Election fever in air

We must be gearing up for a provincial election.
Even with the chills of winter still storming around us, Premier Kathleen Wynne appears to have rallied her troops this past weekend to be ready to pound on doors and wear out shoe leather on the sidewalks.
She pummelled the Harper government, lambasted the provincial Tories and leader Tim Hudak, and, without naming Andrea Horvath, indicated to her attentive audience that the New Democrats were not ready to govern.
All the provincial parties are ready to get into the election ring right now.
Wynne’s new path will include reversals of the McGuinty plan that called for reducing business taxes to make Ontario more competitive. Businesses can be ready to pay more to cover her financial promises to Toronto, Hamilton, and Ottawa to pay for major transit improvements for those cities.
She even may throw in a few goodies to gather NDP support so that she does not have to negotiate publicly with Ms. Horvath.
The big question will be “How much can Andrea Horvath and the NDP stomach in the next provincial budget?” She has cornered the Liberals by getting them to reverse their stand to increase the HST and the tax on gasoline across the province to pay for transit in those communities.
Numbers still must be worked out to determine how much business taxes must be increased to pay for transit in a select number of communities. Without finding new funding for those projects, Ontarians will see their provincial debt growing to pay for those political decisions.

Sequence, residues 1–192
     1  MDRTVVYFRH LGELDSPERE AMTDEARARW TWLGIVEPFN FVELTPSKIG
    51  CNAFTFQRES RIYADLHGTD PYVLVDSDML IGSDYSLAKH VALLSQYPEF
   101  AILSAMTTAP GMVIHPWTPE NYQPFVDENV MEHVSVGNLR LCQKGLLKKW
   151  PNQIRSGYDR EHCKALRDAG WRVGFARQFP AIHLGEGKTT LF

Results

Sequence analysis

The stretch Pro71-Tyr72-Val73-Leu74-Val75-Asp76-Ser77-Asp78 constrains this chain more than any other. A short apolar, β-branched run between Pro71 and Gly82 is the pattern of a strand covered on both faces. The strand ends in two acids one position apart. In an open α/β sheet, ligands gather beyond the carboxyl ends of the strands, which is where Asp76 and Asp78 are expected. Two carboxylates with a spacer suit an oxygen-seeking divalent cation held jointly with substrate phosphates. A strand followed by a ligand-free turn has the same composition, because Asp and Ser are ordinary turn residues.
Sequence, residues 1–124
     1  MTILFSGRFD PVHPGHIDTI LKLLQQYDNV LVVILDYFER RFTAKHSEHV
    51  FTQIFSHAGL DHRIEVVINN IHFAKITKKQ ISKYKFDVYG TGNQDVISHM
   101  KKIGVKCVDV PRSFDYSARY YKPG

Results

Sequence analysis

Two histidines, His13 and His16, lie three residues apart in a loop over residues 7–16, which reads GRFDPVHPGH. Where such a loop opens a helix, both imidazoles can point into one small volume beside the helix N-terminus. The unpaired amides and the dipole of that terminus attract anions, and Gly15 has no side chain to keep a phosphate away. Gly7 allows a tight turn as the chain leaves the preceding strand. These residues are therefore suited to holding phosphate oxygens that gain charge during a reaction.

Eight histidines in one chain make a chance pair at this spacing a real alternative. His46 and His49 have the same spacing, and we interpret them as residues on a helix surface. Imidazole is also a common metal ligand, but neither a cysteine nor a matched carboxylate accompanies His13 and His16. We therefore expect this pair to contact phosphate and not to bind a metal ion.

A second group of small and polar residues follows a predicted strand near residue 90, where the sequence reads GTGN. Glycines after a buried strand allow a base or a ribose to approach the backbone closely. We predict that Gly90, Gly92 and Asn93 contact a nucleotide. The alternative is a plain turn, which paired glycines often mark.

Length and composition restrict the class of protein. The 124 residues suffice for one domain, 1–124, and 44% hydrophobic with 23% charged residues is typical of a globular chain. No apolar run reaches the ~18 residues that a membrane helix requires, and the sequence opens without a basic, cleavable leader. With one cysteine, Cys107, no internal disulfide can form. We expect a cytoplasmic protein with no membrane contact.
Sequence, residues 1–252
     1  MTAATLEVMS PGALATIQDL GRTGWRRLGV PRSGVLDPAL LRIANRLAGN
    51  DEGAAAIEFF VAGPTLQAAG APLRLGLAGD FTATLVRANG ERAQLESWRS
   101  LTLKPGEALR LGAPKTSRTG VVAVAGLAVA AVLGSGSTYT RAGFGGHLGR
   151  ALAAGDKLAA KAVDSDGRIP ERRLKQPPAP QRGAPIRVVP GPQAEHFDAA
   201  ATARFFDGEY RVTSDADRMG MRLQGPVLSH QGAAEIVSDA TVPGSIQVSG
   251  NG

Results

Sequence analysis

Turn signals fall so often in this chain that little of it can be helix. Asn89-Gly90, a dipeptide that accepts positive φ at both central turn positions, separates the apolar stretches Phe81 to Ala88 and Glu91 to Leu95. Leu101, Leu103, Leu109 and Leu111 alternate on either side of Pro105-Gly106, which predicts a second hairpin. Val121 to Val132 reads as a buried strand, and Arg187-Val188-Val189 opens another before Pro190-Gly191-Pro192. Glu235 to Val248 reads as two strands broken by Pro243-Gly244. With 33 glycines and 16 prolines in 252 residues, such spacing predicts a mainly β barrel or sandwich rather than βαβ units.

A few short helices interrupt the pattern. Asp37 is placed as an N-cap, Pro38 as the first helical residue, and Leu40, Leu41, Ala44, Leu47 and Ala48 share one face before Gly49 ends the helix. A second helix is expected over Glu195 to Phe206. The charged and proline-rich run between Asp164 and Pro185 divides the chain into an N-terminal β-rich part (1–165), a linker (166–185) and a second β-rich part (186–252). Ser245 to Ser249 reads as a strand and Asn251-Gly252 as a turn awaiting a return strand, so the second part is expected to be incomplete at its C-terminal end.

Premier Wynne plans to roll out a new provincial retirement savings program that will supplement the CPP. The plan may be a sleeper in that she will target employers with higher payroll taxes on salaries and wages paid to employees.
It will be another way to tax employers while bribing workers to vote for the provincial Liberal Party.
Workers will not see a dip in their salaries but employers will see a dip in their profits.
Now we all like to be bribed at election time. We all think that getting someone else to pay for buses and subways and sewers and roads is in our best interests. We would like someone else to pay for an increased pension.
Ultimately, however, there is only one taxpayer. We only get to discover which pocket the provincial government is going to pick after the legislation is tabled in the legislature.
Now the Conservatives under Tim Hudak originally had promised to create “Right to Work” legislation, but now have backtracked on that idea.
Mr. Hudak believes he can cut provincial spending, cut taxes, reduce the deficit, fund transit, spend more on hospitals, and be fiscally responsible. He dreams big!
Should he form the government, we can expect some real belt-tightening across the province—and that means municipal governments once again will be called upon to pick up the difference that provincial assistance would have provided.
No one is quite sure about the fiscal policies of the NDP. Ms. Horvath has called for capping senior public-sector salaries and called for lower auto insurance costs.
She did support Wynne’s plan to collect taxes and tolls to fund Toronto’s transit expansion.
The May provincial election may be postponed to June if winter persists. But you only can keep your troops at the ready for a small period of time before their momentum is lost.

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